A friend of a Kiwi who died in a Sydney detention centre has described the final moments before he collapsed and died inside the Australian facility earlier today.

MP Kelvin Davis said the name of the dead detainee was Rob Peihopa. He described him as a man in his 40s who was quite fit.

Mr Davis said he received a phone call at 3am from a person who knew the man, saying he had passed away inside the detention centre.

Friend Vaelua Lagaaia has told the New Zealand Herald, despite efforts of guards and emergency services to revive his mate, Rob Peihopa, could not be saved and passed away.


His friend had gone to a neighbouring unit at the centre to visit a couple of the Kiwi boys but was soon heard crying out, desperate for help.

"He yelled out for help to the officer - he felt something was wrong - so the officer ran to his aid and tried to administer CPR after he called for an ambulance. When the ambulance arrived they couldn't revive him."

A Department of Immigration and Border Protection spokeswoman today confirmed a 42-year-old New Zealand national died in the Villawood Detention Centre in Sydney overnight.

She said staff were alerted to an unconscious man at about 9.45pm and attempted to resuscitate him. Paramedics also treated the man but he could not be revived. He was suspected to have suffered a heart attack.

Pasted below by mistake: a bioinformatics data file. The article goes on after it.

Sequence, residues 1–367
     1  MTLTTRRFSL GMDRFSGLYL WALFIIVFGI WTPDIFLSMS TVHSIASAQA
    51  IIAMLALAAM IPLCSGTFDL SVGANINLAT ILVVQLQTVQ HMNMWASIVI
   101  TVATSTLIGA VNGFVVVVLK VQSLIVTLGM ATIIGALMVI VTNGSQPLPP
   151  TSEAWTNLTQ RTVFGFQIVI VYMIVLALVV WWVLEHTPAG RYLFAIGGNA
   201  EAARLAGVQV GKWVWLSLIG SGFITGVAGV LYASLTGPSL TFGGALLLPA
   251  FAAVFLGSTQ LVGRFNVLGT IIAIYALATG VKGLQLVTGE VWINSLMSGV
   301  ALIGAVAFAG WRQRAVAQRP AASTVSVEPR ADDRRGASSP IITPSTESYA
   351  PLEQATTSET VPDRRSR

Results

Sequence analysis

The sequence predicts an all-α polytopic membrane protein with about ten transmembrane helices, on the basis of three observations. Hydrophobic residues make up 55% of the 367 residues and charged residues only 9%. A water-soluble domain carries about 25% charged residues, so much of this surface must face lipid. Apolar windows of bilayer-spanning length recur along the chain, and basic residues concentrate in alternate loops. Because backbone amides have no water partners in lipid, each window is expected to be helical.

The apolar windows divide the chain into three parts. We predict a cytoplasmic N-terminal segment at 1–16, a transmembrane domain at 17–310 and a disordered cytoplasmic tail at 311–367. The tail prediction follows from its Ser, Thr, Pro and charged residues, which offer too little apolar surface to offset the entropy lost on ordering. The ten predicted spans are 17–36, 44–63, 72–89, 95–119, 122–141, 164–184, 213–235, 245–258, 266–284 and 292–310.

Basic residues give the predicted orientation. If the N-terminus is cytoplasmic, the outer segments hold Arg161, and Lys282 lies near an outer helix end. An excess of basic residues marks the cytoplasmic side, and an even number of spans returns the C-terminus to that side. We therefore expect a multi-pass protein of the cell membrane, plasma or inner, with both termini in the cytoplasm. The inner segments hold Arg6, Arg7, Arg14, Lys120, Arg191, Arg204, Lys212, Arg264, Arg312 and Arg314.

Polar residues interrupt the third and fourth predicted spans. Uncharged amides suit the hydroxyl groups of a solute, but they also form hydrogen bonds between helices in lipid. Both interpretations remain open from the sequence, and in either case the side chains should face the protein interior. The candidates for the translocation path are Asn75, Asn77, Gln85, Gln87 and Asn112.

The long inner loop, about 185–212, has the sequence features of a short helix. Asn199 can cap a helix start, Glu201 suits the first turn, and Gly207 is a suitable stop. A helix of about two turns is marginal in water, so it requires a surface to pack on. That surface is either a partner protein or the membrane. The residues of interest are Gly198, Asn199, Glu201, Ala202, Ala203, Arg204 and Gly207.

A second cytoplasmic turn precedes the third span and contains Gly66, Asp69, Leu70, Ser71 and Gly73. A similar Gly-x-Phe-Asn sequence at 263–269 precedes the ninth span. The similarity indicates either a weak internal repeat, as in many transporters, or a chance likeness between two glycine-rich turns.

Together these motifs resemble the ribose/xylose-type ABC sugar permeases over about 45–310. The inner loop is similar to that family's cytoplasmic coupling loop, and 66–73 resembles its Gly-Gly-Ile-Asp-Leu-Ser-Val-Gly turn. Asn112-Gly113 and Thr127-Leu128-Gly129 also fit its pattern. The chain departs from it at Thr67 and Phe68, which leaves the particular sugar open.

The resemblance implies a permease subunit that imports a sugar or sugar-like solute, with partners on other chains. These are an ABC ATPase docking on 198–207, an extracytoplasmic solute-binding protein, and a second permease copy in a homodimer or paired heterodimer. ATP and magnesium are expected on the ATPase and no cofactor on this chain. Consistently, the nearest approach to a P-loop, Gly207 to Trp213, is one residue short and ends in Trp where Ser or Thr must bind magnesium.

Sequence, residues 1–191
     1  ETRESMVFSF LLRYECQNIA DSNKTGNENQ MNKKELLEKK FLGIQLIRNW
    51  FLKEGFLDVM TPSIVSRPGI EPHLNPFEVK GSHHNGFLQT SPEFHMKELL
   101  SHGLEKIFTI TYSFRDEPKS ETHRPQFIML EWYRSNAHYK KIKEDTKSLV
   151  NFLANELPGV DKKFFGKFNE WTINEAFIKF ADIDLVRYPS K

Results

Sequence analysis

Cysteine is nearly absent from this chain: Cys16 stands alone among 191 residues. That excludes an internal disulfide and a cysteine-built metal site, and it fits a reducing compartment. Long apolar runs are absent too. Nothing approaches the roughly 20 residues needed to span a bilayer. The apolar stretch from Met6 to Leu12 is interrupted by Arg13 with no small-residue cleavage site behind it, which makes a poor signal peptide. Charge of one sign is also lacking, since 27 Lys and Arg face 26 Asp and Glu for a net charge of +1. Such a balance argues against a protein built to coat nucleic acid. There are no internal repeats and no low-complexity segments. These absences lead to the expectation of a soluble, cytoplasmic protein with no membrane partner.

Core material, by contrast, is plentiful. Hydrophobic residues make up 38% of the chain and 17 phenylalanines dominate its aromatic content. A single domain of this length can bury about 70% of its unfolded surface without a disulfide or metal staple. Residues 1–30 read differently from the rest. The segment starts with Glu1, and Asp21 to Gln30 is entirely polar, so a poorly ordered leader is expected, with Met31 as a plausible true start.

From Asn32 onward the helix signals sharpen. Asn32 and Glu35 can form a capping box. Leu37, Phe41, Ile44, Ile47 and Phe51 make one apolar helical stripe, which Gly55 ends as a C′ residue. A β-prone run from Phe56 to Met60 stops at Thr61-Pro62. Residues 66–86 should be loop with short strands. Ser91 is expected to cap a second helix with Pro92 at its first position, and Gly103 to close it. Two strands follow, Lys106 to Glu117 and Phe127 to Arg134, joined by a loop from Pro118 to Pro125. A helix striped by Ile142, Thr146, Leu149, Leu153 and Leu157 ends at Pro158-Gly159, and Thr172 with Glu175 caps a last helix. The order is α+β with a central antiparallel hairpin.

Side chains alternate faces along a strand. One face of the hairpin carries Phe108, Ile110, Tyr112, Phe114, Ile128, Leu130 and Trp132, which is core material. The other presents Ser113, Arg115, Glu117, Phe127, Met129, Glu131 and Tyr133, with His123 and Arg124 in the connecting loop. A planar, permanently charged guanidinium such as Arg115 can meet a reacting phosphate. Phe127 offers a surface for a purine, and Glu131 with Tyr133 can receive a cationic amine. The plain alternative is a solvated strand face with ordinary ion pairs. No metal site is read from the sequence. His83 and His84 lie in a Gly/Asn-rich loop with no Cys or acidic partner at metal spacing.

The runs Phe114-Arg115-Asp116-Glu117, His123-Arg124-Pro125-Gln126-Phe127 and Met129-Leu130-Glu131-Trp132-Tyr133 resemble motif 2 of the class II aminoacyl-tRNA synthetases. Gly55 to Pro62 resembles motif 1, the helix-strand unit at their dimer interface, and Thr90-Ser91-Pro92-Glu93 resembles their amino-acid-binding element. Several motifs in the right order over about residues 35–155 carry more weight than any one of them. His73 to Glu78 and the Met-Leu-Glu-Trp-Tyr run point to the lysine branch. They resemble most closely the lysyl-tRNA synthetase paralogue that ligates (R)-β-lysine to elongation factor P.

His death had now been handed to the New South Wales coroner.

Mr Lagaaia said the unexpected death of such a quiet, well-liked inmate had left everyone inside the centre stunned.

"I know that he loved his family very much and it's a sad day for everyone here," he said.

"We're just feeling really sorry for his partner and kids and family back in New Zealand."

"It's a tragic thing to happen."

Mr Lagaaia said Rob always worked out at the gym and was a popular figure among detainees.

"Rob was very quiet. You only heard him raise his voice when the Chiefs played," he said.

"He was really easy to talk to and he loved his family very much."

He said there may have been an argument between detainees before a massive heart attack took its toll.

"I heard from whispers that there might have been an argument. I guess more and more about what happened will come to light."

He blamed the death in part on living under the constant threat of deportation.

Despite having a young family who visited frequently, Mr Peihopa never knew when he might be sent back permanently to New Zealand .

"I think the stresses in this place, and the anxiety levels that everyone has, played a part in him having a heart attack.

"Something like this was bound to happen purely because of the stress levels that you encounter in a place like this."

The Australian Immigration Department today said the centre remained calm today and support services were available to all detainees and staff.

The Department expressed its sympathy to the family of the dead man and would co-operate fully with the coroner.

As this matter was now subject to a coronial inquiry the department would not be making any further comment.

Mr Davis said he did not know the circumstances surrounding Mr Peihopa 's death.